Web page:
existing 15 countries. In the US, in contrast, no formal date
for a transfer to lead-free production has been raised.
Therefore, whilst supply to the home market may not
require any switch for the forseeable future, the danger of
not implementing lead-free into a CMs manufacturing
capability could result in their being excluded from
supplying into the ‘lead-free’ markets. It should be noted,
however, that although there is a legislative timetable for
Europe to be lead-free, there are still many European CMs
that have yet to implement this capability. Those CMs that
have already changed have been through the extended
learning curve that the new process profiles for these leadfree solders require. As such, there is much information
available to help new lead-free adopters avoid some of the
pitfalls experienced so far. Further information on the
European lead-free roadmap together with other useful data
based on experience of manufacturers moving to lead-free
can be found in the web sites in references 1 and 2.
Traditional solders have been of the Tin/Lead (Sn/PB)
variety and many decades of experience has been invested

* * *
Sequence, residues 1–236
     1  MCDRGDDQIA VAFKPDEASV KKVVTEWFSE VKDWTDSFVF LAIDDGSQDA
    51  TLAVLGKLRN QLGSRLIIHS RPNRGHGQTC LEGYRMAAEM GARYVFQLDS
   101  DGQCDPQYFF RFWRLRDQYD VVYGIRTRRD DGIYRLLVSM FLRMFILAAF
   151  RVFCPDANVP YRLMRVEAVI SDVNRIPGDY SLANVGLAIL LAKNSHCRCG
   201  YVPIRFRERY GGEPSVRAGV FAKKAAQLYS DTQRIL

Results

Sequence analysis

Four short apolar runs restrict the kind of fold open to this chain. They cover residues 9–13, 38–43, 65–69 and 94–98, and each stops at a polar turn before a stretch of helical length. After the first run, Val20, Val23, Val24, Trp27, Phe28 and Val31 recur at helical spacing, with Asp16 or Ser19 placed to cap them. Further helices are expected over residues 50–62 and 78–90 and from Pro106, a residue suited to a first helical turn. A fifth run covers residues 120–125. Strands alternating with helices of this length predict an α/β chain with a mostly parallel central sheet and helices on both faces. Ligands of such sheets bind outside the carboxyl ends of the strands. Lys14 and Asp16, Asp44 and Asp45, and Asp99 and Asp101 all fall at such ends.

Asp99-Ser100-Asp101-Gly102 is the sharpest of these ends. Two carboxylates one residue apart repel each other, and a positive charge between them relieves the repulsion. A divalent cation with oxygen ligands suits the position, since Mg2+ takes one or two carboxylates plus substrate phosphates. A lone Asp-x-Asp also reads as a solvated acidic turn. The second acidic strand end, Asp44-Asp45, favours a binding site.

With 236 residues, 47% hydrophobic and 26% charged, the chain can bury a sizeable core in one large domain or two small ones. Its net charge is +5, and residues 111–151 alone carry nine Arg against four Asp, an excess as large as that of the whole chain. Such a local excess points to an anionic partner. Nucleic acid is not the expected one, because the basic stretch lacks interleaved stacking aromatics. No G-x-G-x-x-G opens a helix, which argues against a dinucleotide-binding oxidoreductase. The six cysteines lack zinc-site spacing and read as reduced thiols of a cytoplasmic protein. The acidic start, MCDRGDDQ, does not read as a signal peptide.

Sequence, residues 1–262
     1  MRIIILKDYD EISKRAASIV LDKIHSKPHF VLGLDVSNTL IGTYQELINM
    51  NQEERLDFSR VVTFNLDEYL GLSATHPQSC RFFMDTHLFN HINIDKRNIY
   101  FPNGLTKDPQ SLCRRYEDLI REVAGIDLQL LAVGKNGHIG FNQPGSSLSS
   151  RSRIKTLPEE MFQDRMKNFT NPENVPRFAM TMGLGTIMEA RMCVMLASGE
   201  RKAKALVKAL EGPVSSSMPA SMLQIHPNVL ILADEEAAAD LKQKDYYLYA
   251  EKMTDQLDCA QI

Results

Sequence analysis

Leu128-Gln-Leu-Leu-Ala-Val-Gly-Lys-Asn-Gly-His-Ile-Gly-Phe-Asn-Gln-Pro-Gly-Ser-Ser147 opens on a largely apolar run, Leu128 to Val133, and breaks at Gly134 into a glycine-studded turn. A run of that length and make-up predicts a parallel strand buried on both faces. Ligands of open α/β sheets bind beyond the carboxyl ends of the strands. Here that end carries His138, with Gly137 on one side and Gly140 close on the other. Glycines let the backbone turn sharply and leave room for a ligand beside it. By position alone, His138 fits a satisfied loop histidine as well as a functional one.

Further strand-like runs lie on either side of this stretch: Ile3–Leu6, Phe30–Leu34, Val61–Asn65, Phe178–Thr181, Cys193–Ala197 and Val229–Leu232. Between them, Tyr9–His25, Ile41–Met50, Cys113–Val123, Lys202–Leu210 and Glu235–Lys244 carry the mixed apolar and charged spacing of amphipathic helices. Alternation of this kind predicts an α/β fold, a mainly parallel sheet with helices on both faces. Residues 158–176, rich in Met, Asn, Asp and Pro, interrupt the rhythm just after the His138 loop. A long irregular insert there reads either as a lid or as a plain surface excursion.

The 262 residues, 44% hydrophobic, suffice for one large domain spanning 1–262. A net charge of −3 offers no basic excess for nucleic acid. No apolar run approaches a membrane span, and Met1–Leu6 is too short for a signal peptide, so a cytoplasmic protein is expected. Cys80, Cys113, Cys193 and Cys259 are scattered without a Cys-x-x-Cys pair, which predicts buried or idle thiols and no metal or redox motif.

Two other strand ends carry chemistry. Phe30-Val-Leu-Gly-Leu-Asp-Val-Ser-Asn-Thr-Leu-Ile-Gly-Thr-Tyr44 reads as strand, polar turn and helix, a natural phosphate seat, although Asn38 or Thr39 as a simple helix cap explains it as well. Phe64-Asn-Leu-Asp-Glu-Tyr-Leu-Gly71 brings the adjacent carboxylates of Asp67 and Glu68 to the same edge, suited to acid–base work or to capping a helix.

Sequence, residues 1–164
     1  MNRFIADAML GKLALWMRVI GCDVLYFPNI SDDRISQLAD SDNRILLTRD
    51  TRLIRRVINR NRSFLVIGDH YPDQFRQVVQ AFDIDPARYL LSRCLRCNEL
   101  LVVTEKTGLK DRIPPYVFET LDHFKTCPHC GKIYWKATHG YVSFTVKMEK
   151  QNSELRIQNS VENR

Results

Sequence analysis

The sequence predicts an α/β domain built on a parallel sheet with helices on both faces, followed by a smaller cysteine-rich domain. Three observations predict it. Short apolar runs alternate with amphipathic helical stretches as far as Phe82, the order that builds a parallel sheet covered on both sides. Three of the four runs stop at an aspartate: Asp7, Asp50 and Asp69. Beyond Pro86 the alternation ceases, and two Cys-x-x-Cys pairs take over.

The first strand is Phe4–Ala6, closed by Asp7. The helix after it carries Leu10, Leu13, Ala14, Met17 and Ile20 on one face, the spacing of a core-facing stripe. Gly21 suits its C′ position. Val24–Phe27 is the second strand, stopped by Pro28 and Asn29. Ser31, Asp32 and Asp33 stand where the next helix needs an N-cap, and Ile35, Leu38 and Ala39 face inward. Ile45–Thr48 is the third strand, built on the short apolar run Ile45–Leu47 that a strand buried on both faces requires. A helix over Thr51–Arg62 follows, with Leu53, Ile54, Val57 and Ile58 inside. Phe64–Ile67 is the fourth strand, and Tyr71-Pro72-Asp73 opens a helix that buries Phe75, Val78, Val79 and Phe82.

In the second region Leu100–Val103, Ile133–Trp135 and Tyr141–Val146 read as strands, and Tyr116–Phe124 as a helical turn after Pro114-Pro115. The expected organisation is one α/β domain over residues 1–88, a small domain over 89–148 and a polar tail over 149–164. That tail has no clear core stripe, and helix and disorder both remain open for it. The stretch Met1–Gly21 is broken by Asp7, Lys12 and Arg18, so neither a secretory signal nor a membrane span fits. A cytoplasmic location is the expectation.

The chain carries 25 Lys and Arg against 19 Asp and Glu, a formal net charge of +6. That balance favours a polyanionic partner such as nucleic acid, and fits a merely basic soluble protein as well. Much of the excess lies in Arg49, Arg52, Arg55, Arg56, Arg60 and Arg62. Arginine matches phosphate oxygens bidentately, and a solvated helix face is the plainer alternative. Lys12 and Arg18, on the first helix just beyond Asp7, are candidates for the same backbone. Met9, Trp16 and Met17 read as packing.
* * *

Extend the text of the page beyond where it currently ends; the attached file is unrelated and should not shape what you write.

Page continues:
into using these materials to the best advantage. This has
defined the process windows within which to produce PCBs
and also shaped the inspection and testing regimes that have
been implemented to ensure quality manufacture. In
particular, the reflow temperature profile used within
surface mount technology production has been defined
around the, typically, 183°C liquidus temperature of these
solders. In addition, the visual look of the Sn/Pb solder after
reflow has been used by experienced operators to confirm
the quality of their solder joints. When using lead-free
solders, these fundamental indices are completely changed
and therefore the underlying tenets that have been
established for so long in PCB manufacture may no longer
be valid.
Lead-free Solders
The most commonly used Sn/Pb solders have consisted of
around 63% Sn and 37% Pb. The most commonly used leadfree alternatives are the, so called, SAC alloys which are
named after the mixture of tin (Sn), silver (Ag) and copper
(Cu) that they contain. Although different solders from
different suppliers have varying elemental ratios, the SAC
alloys all contain around 97% tin. There are other lead-free